- The Washington Times - Monday, February 23, 2004

KADUNA, Nigeria — Bearing droppers of polio vaccine and promises of its safety, hundreds of thousands of volunteers fanned out across 10 African nations yesterday in a drive to stop a polio outbreak spreading from Nigerian states that have banned the vaccine.

Islamic leaders in three northern Nigerian states have blocked polio inoculations since October, calling them part of a U.S. plot to spread AIDS or infertility among Muslims.

One of the states, Kaduna, lifted the ban on the eve of yesterday’s emergency campaign — but even here, many Islamic neighborhoods turned away the volunteers with their iceboxes of vaccines, drops administered orally.

“People will resist it,” declared Nafiu Baba Ahmed, secretary-general for Nigeria’s Supreme Council for Sharia, or Islamic law.

“We are concerned about the safety of our children,” said Mr. Ahmed, speaking from his home in an Islamic neighborhood of Kaduna city. “They wouldn’t dare come here.”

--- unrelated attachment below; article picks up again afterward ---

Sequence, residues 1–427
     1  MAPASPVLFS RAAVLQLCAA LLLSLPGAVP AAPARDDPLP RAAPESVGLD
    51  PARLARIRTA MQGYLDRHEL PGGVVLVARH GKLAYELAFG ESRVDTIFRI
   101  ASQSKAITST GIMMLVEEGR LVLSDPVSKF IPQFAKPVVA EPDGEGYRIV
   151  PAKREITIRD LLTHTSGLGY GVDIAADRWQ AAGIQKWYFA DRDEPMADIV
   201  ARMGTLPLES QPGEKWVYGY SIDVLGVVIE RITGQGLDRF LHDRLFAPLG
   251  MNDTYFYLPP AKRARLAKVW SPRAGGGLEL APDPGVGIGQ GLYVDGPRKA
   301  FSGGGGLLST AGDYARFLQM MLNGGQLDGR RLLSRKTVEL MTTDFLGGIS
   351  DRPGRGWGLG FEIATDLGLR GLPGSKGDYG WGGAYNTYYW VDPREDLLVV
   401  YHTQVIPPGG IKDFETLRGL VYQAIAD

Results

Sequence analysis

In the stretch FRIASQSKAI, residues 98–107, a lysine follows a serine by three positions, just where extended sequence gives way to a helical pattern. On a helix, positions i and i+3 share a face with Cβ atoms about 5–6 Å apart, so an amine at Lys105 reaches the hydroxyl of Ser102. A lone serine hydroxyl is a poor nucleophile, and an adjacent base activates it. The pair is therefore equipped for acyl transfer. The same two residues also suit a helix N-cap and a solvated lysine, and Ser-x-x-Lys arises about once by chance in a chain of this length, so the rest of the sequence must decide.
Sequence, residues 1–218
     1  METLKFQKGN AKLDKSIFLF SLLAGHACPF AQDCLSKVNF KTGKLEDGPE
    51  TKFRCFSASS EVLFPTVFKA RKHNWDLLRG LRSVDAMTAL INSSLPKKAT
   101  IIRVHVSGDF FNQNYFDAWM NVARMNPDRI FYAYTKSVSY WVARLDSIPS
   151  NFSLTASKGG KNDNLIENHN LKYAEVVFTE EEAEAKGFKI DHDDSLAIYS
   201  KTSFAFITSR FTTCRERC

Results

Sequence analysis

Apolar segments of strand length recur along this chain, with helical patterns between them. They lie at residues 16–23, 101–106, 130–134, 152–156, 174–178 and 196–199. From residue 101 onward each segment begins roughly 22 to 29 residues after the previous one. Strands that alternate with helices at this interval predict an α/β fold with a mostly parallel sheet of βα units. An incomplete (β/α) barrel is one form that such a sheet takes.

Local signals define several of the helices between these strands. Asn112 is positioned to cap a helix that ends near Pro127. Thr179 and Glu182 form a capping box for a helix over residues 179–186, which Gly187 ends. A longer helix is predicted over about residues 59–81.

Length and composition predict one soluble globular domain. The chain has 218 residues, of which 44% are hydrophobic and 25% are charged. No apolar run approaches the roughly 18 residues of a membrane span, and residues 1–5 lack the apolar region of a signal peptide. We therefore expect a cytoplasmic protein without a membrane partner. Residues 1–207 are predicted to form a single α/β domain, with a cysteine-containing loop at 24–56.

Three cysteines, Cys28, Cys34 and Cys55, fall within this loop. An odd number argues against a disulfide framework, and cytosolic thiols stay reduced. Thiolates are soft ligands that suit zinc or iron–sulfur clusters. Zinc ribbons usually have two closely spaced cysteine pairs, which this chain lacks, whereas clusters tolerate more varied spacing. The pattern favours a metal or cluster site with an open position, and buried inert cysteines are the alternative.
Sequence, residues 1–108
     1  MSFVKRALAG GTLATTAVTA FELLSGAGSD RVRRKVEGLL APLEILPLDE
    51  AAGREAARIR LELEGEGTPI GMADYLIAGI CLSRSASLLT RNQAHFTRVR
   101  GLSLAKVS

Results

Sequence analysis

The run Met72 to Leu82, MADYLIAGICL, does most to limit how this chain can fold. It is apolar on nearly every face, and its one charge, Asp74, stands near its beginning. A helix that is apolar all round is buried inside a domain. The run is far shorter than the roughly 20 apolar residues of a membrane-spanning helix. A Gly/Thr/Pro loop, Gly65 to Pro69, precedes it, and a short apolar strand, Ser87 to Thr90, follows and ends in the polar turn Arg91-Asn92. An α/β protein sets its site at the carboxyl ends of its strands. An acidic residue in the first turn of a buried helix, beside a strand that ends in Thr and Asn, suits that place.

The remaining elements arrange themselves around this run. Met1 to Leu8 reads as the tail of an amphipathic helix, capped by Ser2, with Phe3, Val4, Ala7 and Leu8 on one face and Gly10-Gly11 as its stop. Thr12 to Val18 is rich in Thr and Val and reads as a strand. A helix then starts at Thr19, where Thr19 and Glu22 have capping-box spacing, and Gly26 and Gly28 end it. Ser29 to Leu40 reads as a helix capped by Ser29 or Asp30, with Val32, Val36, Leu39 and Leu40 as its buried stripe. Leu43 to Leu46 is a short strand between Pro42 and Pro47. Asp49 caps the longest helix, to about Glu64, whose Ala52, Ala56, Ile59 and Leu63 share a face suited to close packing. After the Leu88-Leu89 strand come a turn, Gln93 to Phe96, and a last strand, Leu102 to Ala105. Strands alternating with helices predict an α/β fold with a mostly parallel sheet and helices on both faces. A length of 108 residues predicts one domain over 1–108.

Muslims in Nigeria’s arid north have become wary of vaccine initiatives since 1996, when families in Kano state accused New York-based Pfizer Inc. of using an experimental meningitis drug on patients without fully informing them of the risks.

The company denied any wrongdoing. A U.S. court dismissed a lawsuit by 20 disabled Nigerians who said they had taken part in the study, but a U.S. appeals court later revived the suit.

The World Health Organization said the ban on the vaccine has allowed the crippling disease to spread into seven African nations where it had been eradicated, and endangers a 16-year-effort to eliminate polio globally.

Until the Nigeria-based outbreak, endemic polio had been narrowed to six nations, including three — Nigeria, Niger and Egypt — in Africa. Global cases had been reduced from 350,000 in 1988 to fewer than 1,000 last year.

The outbreak helped trigger the emergency campaign in Nigeria, Ghana, Togo, Niger, Cameroon, Benin, Burkina Faso, Central African Republic, Ivory Coast and Chad.

In Nigeria, health workers made no attempts to conduct the campaign in the two states — Kano and Zamfara — that banned immunizations.

Kano officials say lab tests they carried out last year found female sex hormones in polio vaccine — proof, they say, of contamination.

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